Creating immersive sensory experiences around a theme!
This session explored cheap and effective ways of creating multi sensory environments for visual and sound stimulation using portable dark and white rooms. We experimented with a wealth of light and sound equipment, create images using luminous paint, and project sensory iPad apps and video onto 3D objects. The aim was to create controllable experiential activities that encourage engagement and interaction for all learners, and to think about creative ways of theming these. We have been inspired by the work of Richard Hirstwood: http://youtu.be/ihMSw8BIXF4 and http://youtu.be/PkIKpOn7y98.
In the slideshows below children from Rowan Gate School, Portugal and Ireland used our multi sensory light equipment, iPads and the portable darkroom to manipulate photos and create abstract images as part of their Smart Through Art Comenius project exploring art across disciplines. They used the apps Rollworld, Fragment and Be Funky.
In our November meeting we explored at how we could use the visual programming language Scratch to create interactive art. One of the key approaches to computing is to remix and reuse, rather than always start from scratch, so to speak, and so there is much to be gained from modifying existing computing projects.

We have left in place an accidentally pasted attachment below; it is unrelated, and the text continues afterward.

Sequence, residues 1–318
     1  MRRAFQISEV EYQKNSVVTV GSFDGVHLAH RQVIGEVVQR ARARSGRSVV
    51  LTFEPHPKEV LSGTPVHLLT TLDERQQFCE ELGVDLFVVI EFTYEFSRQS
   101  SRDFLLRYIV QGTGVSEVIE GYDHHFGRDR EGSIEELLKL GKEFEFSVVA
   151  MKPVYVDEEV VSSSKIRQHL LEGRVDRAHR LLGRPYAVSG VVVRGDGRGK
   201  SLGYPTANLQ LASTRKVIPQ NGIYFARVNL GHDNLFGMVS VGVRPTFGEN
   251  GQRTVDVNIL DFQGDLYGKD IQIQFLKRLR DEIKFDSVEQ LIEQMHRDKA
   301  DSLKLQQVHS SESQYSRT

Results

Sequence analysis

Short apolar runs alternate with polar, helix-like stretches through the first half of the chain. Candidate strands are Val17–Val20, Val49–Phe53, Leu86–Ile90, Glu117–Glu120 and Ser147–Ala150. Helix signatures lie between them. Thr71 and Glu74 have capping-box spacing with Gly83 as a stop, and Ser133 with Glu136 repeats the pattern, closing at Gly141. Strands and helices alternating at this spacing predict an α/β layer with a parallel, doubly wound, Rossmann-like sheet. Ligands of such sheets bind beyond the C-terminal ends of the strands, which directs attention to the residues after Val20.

Helen shared this collection of coding and art Scratch projects that we explored in the session.
We also looked at resources from Barefoot Computing on drawing crystal flowers and thought about how these might link with analysing Rangoli, Islamic or Celtic patterns, as well as with aspects of the maths curriculum.
Here’s an amazing idea for recording pupils painting with light as they perform movements wearing LED light bracelets on their wrists and ankles in a dark space. The images are recorded using a camera with a long exposure setting.
This idea is inspired by the artists Gjon Mili who used long shutter speeds to photograph athletes, artists and musicians holding lights, and Buzzy Sullivan who photographed a lighted skateboard.
Read a detailed account of how to create similar photos on Amy Schleser’s blog. Amy has some great ideas about how to use this technique to analyse everyday movements, and has included some worksheets, examples and a printable ‘how to’ booklet.